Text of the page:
And how does it affect our society when seemingly random people can suddenly start meeting and interacting with much greater ease? Do people start feeling an inflated sense of importance when they have hundreds of “followers” of Twitter? When you are privy to everyone actions and thoughts at any given moment, what does that do to the person who is being followed? What does that mean about the followers? Websites and forums were one thing, where you can interact with people who have similar beliefs and interests…but social networking and twitter are complete different. Do I really need to know what Joe Schmoe is doing every minute of the day with Twitter feeds and facebook status updates? What does that do to our society, in terms of both biological aspects (like attention span) as well as more social or psychological aspects (like a need to feel recognized, a need to feel important). Will we start to hear about depression being caused because someone doesn’t feel liked due to the fact they only have 5 followers on Twitter? Will everyone start to feel a need to become something of an exhibitionist, displaying every thought, emotion, and action to the whole world, seeking either approval, acceptance, or just having people acknowledge their existence?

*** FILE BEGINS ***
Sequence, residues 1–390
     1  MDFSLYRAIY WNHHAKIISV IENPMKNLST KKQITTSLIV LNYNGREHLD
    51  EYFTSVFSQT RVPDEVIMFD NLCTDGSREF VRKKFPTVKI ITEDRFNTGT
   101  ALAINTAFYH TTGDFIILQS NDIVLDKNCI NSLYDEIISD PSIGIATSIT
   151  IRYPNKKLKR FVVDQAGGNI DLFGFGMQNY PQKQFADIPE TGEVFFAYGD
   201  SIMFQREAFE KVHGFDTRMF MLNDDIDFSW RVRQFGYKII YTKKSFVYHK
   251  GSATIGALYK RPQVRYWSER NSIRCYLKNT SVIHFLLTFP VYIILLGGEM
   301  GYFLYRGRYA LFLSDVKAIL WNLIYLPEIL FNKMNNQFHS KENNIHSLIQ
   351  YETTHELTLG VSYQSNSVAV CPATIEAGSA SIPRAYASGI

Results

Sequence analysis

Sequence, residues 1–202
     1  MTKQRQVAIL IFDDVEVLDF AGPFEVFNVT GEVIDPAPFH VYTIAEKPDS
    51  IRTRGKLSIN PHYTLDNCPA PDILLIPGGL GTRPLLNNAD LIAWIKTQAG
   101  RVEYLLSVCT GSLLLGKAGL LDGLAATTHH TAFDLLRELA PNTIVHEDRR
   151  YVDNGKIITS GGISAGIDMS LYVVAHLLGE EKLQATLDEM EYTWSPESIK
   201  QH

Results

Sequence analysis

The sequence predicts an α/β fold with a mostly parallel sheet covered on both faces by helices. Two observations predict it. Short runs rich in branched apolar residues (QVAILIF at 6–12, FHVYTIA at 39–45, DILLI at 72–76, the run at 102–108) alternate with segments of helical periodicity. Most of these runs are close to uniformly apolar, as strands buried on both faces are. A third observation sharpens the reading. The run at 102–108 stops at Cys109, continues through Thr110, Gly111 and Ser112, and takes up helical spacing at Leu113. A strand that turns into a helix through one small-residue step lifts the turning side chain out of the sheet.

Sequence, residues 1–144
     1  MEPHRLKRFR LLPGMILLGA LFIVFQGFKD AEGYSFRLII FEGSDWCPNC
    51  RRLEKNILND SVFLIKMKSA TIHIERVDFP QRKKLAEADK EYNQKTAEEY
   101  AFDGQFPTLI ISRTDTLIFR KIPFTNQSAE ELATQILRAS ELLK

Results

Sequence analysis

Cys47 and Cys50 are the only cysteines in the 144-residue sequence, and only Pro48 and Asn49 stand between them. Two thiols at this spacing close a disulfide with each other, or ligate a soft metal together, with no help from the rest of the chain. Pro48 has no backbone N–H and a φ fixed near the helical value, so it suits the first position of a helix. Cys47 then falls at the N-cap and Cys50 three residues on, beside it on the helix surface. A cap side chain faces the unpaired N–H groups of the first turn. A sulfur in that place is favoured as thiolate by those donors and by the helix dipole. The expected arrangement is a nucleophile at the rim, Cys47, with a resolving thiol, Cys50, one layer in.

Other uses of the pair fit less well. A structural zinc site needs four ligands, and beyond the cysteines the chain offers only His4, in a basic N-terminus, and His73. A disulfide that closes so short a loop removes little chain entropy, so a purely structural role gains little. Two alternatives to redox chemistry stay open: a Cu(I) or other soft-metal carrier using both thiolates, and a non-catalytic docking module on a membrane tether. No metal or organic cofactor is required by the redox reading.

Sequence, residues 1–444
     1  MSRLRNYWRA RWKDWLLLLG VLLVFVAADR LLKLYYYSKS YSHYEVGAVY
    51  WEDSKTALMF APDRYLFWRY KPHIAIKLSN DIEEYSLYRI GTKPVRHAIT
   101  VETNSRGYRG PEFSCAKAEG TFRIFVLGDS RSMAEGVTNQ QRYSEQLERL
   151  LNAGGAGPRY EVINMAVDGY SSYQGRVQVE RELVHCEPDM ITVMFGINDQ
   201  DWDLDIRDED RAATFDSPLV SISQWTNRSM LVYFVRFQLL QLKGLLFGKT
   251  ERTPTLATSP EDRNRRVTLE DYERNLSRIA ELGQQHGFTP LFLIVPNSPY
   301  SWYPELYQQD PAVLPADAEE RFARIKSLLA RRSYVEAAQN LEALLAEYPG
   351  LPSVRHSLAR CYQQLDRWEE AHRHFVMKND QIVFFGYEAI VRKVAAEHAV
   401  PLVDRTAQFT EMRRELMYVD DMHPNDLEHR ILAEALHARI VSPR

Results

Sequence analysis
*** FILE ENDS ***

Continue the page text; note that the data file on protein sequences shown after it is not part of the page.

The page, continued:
We live in interesting times. The rapid development of communication technology, the internet, and social sites in many ways have made our lives much easier, more productive, and more fun. But there are some potential issues that may affect our society as these technologies and websites become more popular and more ingrained in our identity (both societal and self identity). Remember what it was like when you saw your first commercial that had a website listed? Already companies are listing their Facebook and Twitter names –do I really want to be “friend” my local car dealership? It will be interesting to see what the future holds and how these technologies will change our biology, change our society, and change our concepts of self and friends, and how we interact with people. As people start to feel more connected, maybe a desire for solitude, a desire to disconnect will start to become a fashionable trend or goal. Maybe we as a species will get overloaded with connections, contacts, and start to pull away from each other. Only time will tell.

    Now maybe I will go post a link to this on my Twitter and Facebook pages. After all, I am important, have lots of friends, and everyone wants to know what I am thinking!
    09-03-2009 08:44 AM